Oh Wow! It Moves Funny!
Wing Commander, Descent
Freespace, X-Wing, and finally Independence
War. That’s the order, from most ‘arcade’ to most ‘realistic.’ On what factual
basis is that order derived? Except for the space shuttle, we have no bloody
idea how any sci-fi device should behave in zero-g. In fact, there is no real
difference in realism between Independence War and Wing Commander
other than the currently known number of physical laws they obey. Sure, I-War
has craft that obey the laws of inertia, among other things, but the ships in
Wing Commander might just as well have omni-directional surface propulsion
jets which make them behave like atmosphere fighters. [You geek, Johnny.
~Ed] It’s possible ain’t it? I mean, come on — harder to control doesn’t
always mean ‘realistic’ in a contrived physical setting.
I’ve gotten that out of the way, here we have a pretty darn good game. Independence
War Deluxe is the re-release and augmentation of a space flight combat game.
You’re in command of a corvette in an interstellar battle for either freedom or
unity. In the future, some Earth colonies want to secede. Earth thinks everone
should be in one happy empire. There is a war, an Independence War. It ain’t much
of a plot, but plot isn’t really the focus of this space game, unlike all the
other games mentioned earlier. Nope, the focus of I-War Deluxe lies squarely
on the actual gameplay, especially the flight mechanics.
Truly ‘realistic’ or not, I-War has you piloting a craft which actually
succumbs to most of the known limitations of space-flight, most noticably inertia
(F = ma). As Newton put it, a body in motion tends to stay in motion unless acted
upon by another force. Stop your engines and you still fly forward. Turn to the
left while thrusting, and you strafe that way for a while before your actual heading
matches the nose of your craft.
Aside from the flight dynamics, I-War also maintains a simulation feel
by giving you a detailed level of systems control over your craft and plenty
of different viewing options, much like Starfleet Academy.
In fact, I-War Deluxe is great medicine for all of those who were disappointed
with the arcade nature of Starfleet Academy and eagerly await the more
realistic Klingon Academy.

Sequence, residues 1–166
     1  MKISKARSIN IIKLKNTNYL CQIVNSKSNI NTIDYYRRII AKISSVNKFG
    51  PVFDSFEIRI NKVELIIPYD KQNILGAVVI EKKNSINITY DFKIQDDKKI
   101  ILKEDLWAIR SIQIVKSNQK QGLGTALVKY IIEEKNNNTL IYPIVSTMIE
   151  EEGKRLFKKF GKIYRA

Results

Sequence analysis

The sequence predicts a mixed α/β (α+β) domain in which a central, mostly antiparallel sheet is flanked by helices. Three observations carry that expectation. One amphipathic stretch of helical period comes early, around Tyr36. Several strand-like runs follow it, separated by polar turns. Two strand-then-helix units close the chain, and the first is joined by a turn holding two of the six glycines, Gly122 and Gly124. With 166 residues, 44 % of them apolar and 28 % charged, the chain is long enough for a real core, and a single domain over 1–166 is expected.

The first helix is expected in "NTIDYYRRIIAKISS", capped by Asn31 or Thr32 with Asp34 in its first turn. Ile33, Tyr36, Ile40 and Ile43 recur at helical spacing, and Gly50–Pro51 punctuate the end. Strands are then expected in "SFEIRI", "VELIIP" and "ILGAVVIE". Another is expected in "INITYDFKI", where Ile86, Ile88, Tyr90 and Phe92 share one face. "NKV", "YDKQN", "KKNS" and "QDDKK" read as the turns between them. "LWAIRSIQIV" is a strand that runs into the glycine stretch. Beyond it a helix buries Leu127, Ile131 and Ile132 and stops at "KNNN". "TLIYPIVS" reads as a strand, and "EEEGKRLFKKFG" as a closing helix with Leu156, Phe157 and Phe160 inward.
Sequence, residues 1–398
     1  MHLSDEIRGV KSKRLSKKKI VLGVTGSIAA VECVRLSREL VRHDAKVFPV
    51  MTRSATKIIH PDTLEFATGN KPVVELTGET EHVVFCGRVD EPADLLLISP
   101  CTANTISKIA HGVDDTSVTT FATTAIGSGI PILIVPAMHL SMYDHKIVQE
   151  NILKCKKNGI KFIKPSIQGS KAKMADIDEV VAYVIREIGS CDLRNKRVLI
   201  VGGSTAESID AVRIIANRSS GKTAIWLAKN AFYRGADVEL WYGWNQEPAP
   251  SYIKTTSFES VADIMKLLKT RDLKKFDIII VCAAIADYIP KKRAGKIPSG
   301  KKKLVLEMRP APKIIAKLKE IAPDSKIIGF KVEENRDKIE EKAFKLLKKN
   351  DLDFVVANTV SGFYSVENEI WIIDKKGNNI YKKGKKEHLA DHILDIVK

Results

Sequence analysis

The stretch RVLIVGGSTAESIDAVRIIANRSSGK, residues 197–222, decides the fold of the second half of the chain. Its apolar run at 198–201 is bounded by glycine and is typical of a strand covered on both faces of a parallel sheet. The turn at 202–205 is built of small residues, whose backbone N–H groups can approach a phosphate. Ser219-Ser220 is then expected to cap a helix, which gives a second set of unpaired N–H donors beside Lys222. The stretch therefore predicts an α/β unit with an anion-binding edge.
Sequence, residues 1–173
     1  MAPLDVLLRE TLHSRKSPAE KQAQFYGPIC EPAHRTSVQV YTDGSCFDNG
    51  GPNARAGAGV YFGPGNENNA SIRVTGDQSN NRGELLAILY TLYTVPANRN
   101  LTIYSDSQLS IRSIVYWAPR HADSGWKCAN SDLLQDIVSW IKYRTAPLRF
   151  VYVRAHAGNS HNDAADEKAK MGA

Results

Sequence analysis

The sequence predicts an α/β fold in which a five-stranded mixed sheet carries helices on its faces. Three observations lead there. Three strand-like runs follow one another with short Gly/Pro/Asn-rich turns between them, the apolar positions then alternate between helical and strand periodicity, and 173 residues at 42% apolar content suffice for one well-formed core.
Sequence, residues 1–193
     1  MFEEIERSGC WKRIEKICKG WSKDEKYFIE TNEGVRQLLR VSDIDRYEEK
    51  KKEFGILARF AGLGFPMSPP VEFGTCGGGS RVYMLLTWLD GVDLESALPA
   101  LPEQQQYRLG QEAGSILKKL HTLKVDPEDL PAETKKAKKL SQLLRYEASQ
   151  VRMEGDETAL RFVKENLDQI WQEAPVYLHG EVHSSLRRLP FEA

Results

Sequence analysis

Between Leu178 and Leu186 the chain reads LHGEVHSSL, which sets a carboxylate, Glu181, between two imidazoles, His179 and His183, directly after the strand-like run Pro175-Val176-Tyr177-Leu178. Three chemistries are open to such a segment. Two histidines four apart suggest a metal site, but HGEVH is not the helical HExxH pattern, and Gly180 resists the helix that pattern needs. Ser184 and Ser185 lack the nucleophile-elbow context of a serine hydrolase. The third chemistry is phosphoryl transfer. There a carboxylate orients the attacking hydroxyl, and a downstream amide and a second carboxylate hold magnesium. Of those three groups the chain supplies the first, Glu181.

between planets, engaging super-fast drives and firing a variety of missiles and
guns at your enemies, you are treated to a fairly mixed graphical bag. The geometry
and texturing is adequate, although not exceptional. The space backgrounds are
pretty darn good-lookin’. Sadly, several graphical problems really mar the package.
For starters, I-War, in an obvious attempt to seem less arcade, uses vector
lines for many of the graphics, such as the space debris streaking past your cockpit
or the tail trajectory vectors that come out the back of all craft. The use of
such garish, grid-based visuals really removes the eye-candy appeal. That the
graphics are slow, and the fact that only Software and Glide (3DFX) are supported
(no Direct 3D) doesn’t help either.
As far as the rest of the production values, the sound, music, and voice acting
are all adequate, although not in any way exceptional.
With lackluster visceral appeal, I-War has to rely on the gameplay
mechanics to keep players interested, and fortunately, there is really a lot
here. As far as gameplay goes, I-War is to Wing Commander what
Rainbow Six is to Quake.
For those of you out there who like that sort of complexity and control (I.E.
Falcon 4.0 fans) I-War fills a large
void in the space combat genre. For the rest of you, it might be too much to
Beyond all that though, this is a second release ‘Deluxe’ edition. If you
already have the first release, the included extra ‘Defiance’ campaign, played
from the side of the rebels, is probably not worth the cover price. If you’ve
never played I-War and what I’ve described sounds like your cup of tea,
then for sure, it’s worth it to purchase I-War Deluxe. Unless you really
want to wait for Klingon Academy, go ahead and delve into I-War Deluxe.
If you crave that feeling of ‘real’ space, you’ll probably be captivated for weeks.